Inguinal hernia surgery


A hernia occurs when an internal part of the body pushes through a weak place in the surrounding connective tissue or muscle wall. Hernias typically don’t get better by themselves, they get worse, which is why doctors usually recommend surgery.


What is an inguinal hernia?

A hernia occurs when an internal part of the body (fatty tissue or an organ) pushes through a weak place in the surrounding connective tissue or muscle wall. Most hernias aren’t immediately life threatening, but they don’t go away on their own. Surgery is usually recommended to prevent dangerous complications.

Hernias can occur in different parts of the body, usually between the chest and hips. Inguinal hernias are the most common type of hernia and mainly affect men. They occur when fatty tissue or a part of the intestines push through the lower abdominal wall and into the inguinal canal in the groin.


Causes and symptoms of inguinal hernia.

Hernias can be congenital (a person can be born with them) or acquired (developed throughout life). Inguinal hernias are the most common, and approximately 25% of men will suffer one at some point in their life. It is most often associated with ageing and repeated strain on the lower abdomen.

Symptoms vary, can come and go, and some hernias display no symptoms at all. Nevertheless, the most common symptom of inguinal hernias is the presence of a lump next to the pubic bone or inside the scrotum. This mass can be moved when prodded, or may disappear when the patient lies down. Other symptoms include pain or pressure in the groin.

Possible complications of an inguinal hernia include organ obstruction or strangulation, both of which are medical emergencies. Symptoms for this include the hernia becoming firm or tender, severe abdominal pain, the patient is vomiting or has difficulty passing wind or poo.


Types of inguinal hernia surgery.

As mentioned earlier, hernias typically don’t get better by themselves, and elective surgery is usually recommended. The underlying goal of the operation is to return the astray tissue or organ to its rightful place and prevent it from protruding again in the future.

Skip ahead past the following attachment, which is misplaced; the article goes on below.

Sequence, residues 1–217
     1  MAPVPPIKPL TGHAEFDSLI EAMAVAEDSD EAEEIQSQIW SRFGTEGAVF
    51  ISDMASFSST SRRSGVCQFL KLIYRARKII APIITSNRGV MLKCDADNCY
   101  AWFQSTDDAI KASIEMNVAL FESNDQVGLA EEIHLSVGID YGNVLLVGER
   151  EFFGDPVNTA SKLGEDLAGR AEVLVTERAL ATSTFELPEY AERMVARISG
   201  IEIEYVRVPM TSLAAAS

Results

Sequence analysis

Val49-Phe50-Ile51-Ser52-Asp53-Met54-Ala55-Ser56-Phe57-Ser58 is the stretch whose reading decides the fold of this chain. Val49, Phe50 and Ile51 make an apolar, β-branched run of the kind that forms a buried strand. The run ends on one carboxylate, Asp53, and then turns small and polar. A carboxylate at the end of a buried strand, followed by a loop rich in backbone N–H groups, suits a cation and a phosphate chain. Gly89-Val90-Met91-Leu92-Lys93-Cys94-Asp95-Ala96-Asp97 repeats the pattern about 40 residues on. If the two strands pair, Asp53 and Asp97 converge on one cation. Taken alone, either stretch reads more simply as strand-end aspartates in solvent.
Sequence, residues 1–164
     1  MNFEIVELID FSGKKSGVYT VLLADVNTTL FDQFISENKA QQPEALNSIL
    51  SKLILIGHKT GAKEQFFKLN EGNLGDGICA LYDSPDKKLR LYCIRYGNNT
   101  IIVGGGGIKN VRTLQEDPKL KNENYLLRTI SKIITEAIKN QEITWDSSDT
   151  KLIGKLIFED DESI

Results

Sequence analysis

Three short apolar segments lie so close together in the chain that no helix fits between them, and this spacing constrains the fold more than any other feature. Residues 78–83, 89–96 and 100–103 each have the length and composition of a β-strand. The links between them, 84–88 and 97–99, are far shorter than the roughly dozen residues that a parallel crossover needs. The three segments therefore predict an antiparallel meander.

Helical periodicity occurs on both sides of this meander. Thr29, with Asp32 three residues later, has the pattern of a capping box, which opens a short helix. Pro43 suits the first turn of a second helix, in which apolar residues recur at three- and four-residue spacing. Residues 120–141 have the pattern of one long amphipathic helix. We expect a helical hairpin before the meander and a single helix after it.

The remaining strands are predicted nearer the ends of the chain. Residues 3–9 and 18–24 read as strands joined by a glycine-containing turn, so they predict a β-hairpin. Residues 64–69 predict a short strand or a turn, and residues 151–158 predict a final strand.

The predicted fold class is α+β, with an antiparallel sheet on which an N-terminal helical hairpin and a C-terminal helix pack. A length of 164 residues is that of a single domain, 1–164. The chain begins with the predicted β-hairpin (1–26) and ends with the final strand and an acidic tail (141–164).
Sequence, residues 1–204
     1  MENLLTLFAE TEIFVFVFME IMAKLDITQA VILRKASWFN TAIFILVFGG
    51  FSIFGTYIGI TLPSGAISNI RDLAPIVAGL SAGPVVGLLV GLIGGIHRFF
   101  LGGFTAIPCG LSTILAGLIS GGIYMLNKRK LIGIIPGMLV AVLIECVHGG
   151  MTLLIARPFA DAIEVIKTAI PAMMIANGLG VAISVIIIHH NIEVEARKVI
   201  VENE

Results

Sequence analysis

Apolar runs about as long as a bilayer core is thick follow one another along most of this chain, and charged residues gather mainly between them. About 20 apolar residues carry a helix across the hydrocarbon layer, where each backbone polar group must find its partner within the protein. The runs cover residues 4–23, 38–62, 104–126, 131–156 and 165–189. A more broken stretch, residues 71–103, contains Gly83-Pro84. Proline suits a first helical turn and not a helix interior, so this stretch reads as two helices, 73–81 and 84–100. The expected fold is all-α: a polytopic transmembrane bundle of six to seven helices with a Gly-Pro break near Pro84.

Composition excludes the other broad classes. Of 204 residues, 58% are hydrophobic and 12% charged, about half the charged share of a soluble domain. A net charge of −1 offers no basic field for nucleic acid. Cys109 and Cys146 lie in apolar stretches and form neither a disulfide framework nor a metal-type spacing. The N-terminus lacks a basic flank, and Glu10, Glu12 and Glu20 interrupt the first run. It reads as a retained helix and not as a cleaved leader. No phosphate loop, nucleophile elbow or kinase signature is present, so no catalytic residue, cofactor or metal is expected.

Surgical repair of inguinal hernias is one of the most commonly performed operations in the world. Surgical techniques fall into two broad categories: open and laparoscopic.

  • -Open surgery is the more “traditional” option. It involves a relatively large incision (between 7 and 10cm) so that the surgeons can gain easy access to the area. It can be performed under local anaesthesia.
  • -By contrast, laparoscopic (also called keyhole) surgery is minimally invasive, involving a few 5-10mm incisions. A thin tube containing a light source and a camera (laparoscope) is inserted through one of these incisions and surgical instruments are inserted through the other ones. It requires general anaesthesia.

Laparoscopic hernia surgery can be subdivided into 2 types: TAPP (transabdominal preperitoneal) and TEP (total extraperitoneal). Totally extraperitoneal surgery is the newest keyhole technique and involves repairing a hernia without entering the peritoneal cavity.

Nowadays, laparoscopic techniques are gaining in popularity as they require smaller incisions. They also result in less bleeding, lower infection rates, faster recovery, shorter hospitalisation periods, and reduced pain. Nevertheless, while the benefits of laparoscopic surgery are clear, there is technically no “best” method as both open and laparoscopic approaches have their respective strengths, and every patient should be evaluated on a case-by-case basis.

According to recent 2019 medical publications by the Hernia Surge Group (Hernia. 2018 Feb;22(1):1-165. doi: 10.1007/s10029-017-1668-x), laparoscopic inguinal hernia surgery is recommended when the patient:

  • -has endured past recurrent hernias and operations, and especially if these were performed via open surgery.
  • -suffers from bilateral inguinal hernias (left and right simultaneously).
  • -requires a quick post-operative recovery and return to work.

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